And so, as it gets to be the seventh hour, everyone comes to the Lazarium, which is at Bethany, approximately two miles from the city. On the way from Jerusalem to the Lazarium, at about half a mile from that place, there is a church along the road at the very place where Mary, the sister of Lazarus, came forth to meet the Lord. When the bishop reaches this place, all the monks come forth to meet him, and the people go into the church, where a hymn and an antiphon are sung and the proper passage from the Gospel is read, describing how Lazarus’ sister met the Lord.
When a prayer has been said and a blessing given to all, everyone continues on to the Lazarium, chanting hymns; and by the time they have come to the Lazarium, such a multitude has gathered that not only the place itself, but all the surrounding fields are filled with people. Jymns are sung as well as antiphons appropriate to the day and the place; various scriptural readings, also fitting to the day, are read. Just before the dismissal is given, the Pasch is proclaimed, that is to say, a priest mounts to an elevated spot and reads the passage from Scripture where it is written: When Jesus came into Bethany six days before the Pasch. When this has been read and the Pasch has been proclaimed, the dismissal is given. Because it is written in Scripture that six days before the Pasch this was done in Bethany, therefore on this day this ceremony takes place. There are six days from Saturday to the following Thursday, when after supper the Lord was arrested in the night. Everyone then returns directly to the city and to the Anastasis, were vespers is celebrated as customary.Egeria. Diary of a Pilgrimage. Ancient Christian Writers 38. Newman Press, 1970. Pp 102-103.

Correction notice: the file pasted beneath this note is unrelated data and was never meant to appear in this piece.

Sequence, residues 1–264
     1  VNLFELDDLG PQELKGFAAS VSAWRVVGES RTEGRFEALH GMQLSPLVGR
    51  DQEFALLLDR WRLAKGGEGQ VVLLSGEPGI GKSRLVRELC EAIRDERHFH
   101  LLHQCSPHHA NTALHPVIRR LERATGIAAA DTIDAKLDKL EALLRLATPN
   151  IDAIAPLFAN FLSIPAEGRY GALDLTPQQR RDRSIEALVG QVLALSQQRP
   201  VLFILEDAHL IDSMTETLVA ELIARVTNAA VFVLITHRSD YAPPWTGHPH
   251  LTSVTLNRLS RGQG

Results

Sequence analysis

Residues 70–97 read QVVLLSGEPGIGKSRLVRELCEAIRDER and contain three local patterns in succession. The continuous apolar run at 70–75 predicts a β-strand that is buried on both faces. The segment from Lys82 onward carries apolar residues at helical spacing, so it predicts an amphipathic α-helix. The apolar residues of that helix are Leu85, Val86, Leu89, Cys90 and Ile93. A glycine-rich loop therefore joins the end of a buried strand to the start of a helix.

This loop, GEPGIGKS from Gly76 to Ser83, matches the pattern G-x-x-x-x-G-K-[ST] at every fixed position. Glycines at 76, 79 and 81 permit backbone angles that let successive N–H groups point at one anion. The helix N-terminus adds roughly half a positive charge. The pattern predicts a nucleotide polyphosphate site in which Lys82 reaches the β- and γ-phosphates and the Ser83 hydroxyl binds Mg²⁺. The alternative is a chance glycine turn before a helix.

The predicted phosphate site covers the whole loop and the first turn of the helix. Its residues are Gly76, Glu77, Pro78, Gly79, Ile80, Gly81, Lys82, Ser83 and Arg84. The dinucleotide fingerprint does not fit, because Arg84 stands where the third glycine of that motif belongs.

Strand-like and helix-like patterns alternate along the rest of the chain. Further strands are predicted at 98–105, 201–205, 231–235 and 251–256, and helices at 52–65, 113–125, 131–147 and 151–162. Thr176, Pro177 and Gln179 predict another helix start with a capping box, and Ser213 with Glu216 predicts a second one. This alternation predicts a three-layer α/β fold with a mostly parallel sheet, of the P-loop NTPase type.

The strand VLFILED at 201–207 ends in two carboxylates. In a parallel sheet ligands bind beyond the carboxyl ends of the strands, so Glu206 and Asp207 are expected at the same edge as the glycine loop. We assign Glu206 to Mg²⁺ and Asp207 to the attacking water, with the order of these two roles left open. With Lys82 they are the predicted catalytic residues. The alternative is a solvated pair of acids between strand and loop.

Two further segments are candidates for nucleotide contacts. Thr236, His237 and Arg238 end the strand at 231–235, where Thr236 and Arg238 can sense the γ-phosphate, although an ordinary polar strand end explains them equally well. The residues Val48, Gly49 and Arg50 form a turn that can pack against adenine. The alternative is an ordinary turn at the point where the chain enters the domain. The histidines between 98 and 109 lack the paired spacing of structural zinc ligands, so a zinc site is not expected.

No more will pilgrims be able to participate in the roughly two mile walk from Bethany to Jerusalem on Lazarus Saturday. The more than 1600 year old practice will be impossible for an indefinite period due to the erection of a massive security wall, cutting off the footpath leading over the Mount of Olives and down into Jerusalem. It will remain in place as long as Israel is threatened by Palestinian suicide bombers. That wall will only come down upon the renunciation of “armed resistance” on the part of the Palestinians. That will be a long time coming.
So, Christians throughout the world may now thank Palestinian terrorism for the end of one of its oldest traditional processions. That’s okay, you know. Other Palestinians have prevented this procession from happening before, and Christians managed well enough. For nearly the entire period of Muslim rulership over the Holy Land, all Christian public religious processions were banned, as were public displays of the Cross, even as jewelry, the ringing of bells, celebration of saints days in cemeteries and shrines, and even funerals (see translations of primary documentation relating to all of this in the remarkable book by Bat Ye’or, The Decline of Eastern Chrisitianity under Islam [Fairleigh Dickinson University Press, 1996]). So things are really just getting back to normal from the Muslim perspective. And that’s something to think about, people.